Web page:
“This logo makes it less likely I will ever start watching ITV again. Looks like a girly cupcake store logo, and besides, the main problem with the network is that all the programming is ****, total and utter fecal matter.” Said MDTAUK, “It’s definitely distinctive. Less generic and stuffy than the current logo.  Not entirely convinced yet though. It depends on how they implement it on-screen across the channels.” Said Ant.

“I agree ITV’s programmes leave much to be desired, however, a logo does not make a channel.” Noted SomeRandomStuff with XWing stating “I’m a fan of abstract logo’s, but my first impressions (remember, first impressions) are that it’s almost a sign of ITV’s lack of progress from it’s current mess. Any TV network would have a hard job at matching the effort put into the BBC and Channel 4’s corporate logo’s, but this just seems like another logo destined for the scrapheap in less than a decade.”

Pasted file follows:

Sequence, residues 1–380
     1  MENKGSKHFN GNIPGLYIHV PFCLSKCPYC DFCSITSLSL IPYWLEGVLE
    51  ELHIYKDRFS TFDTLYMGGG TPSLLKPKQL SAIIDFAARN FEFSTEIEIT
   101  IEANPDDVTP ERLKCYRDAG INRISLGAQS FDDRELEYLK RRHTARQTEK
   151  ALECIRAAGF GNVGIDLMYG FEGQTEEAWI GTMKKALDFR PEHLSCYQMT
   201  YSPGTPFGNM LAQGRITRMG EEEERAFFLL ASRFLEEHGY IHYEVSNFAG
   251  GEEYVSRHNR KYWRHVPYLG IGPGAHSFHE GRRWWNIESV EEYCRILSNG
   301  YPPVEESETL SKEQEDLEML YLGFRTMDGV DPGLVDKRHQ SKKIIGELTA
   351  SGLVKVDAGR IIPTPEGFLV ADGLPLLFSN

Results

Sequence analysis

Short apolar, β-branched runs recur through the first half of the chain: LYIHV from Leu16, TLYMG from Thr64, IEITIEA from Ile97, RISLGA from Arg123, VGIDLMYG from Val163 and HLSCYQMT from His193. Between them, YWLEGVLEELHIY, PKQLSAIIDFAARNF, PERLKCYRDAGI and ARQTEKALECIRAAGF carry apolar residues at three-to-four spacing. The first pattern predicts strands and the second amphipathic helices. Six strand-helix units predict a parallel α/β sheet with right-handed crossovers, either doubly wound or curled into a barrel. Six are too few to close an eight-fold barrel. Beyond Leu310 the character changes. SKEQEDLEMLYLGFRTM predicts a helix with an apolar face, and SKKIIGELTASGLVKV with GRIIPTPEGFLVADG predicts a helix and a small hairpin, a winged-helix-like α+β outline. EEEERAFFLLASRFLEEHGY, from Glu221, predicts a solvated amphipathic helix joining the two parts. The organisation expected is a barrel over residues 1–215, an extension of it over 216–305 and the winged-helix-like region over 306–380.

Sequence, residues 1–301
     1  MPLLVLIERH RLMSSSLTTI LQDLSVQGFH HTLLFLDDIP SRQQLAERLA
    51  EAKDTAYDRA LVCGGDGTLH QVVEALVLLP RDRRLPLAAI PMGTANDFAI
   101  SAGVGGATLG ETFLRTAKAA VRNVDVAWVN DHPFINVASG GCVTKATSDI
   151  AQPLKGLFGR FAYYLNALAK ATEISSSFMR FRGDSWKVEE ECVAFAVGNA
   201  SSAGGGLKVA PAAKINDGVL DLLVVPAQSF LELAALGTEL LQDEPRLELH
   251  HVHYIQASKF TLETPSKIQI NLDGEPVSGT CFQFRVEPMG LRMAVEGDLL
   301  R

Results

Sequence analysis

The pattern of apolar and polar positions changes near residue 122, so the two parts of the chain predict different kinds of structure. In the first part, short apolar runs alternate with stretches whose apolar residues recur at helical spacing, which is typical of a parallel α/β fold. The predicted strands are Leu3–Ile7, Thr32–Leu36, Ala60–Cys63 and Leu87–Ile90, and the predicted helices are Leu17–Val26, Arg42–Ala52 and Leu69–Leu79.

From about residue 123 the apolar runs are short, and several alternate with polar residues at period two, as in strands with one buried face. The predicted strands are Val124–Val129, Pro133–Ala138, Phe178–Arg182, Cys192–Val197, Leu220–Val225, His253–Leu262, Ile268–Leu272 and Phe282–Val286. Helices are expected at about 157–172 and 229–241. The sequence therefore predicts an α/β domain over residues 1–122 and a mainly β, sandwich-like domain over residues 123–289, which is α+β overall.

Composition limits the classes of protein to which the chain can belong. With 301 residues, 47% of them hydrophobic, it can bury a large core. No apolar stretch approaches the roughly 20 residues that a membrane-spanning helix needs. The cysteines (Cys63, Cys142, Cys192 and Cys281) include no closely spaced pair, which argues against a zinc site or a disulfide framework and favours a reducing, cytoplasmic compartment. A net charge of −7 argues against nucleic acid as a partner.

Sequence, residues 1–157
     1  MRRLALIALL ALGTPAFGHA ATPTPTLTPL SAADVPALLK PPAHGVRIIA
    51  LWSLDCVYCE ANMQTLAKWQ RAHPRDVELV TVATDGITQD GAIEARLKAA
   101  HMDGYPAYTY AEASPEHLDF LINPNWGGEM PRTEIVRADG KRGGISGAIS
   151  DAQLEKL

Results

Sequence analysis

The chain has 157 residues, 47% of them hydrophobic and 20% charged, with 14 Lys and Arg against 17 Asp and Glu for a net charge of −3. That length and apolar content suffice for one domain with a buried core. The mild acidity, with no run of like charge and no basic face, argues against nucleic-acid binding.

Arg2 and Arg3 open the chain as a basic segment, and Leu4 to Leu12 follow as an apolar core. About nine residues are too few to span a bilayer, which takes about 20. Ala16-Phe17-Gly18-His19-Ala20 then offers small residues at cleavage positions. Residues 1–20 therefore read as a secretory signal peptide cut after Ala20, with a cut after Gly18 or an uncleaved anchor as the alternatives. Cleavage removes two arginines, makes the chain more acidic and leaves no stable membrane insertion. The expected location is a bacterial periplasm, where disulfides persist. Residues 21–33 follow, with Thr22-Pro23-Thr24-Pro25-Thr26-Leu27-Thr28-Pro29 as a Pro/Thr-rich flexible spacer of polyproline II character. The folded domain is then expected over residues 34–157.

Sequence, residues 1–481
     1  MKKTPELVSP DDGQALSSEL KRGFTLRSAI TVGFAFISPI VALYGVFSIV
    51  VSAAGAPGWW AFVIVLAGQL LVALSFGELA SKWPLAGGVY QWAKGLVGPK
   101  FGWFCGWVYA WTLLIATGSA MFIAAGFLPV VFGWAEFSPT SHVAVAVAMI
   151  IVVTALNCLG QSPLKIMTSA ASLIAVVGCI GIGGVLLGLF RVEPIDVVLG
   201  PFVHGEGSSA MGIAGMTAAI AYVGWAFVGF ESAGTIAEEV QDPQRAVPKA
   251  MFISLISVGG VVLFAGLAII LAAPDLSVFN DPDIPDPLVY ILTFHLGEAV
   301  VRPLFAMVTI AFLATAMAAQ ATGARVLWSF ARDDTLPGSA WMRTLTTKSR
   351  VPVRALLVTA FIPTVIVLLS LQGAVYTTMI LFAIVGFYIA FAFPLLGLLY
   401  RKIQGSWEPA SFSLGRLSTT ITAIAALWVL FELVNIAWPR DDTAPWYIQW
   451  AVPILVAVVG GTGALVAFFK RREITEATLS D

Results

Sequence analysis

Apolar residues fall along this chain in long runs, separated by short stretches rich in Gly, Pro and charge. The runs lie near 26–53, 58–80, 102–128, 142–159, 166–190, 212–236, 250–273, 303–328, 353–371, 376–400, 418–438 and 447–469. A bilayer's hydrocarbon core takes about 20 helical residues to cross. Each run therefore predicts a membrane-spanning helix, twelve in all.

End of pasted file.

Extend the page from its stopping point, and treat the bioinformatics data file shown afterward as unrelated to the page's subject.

Stedixon said, “From the pics so far, nope I’ll pass. It just for me doesn’t work all joined up. The first I looks like a U for a start. Could definitely be better and I feel underwhelmed by it. Was expecting better and something more radical.” And Malpas concludes “I’m undecided, to be honest. I’m not really sure on the logo, looks a bit too cutesy for me and I question whether it’ll fit ITV News particularly well. I haven’t seen the whole package yet though, so I’ll reserve judgment ’til then.”

Above: Days Gone: A selection of Regional ITV stations.

From 1955 until 2002 ITV operated as a regional network, with each area competing for broadcast slots thus ensuring often a higher quality of output making it onto screens. With the advent of more channels and less ratings ITV regions eventually merged and local programming was cut to save money. While ITVplc stated that regional programmes were uneconomical (only to the share holders) UTV continues to prove that if decent local content is aired viewers will still watch. The none-ITVplc owned region for Northern Ireland is one of the most watched regional services in the UK.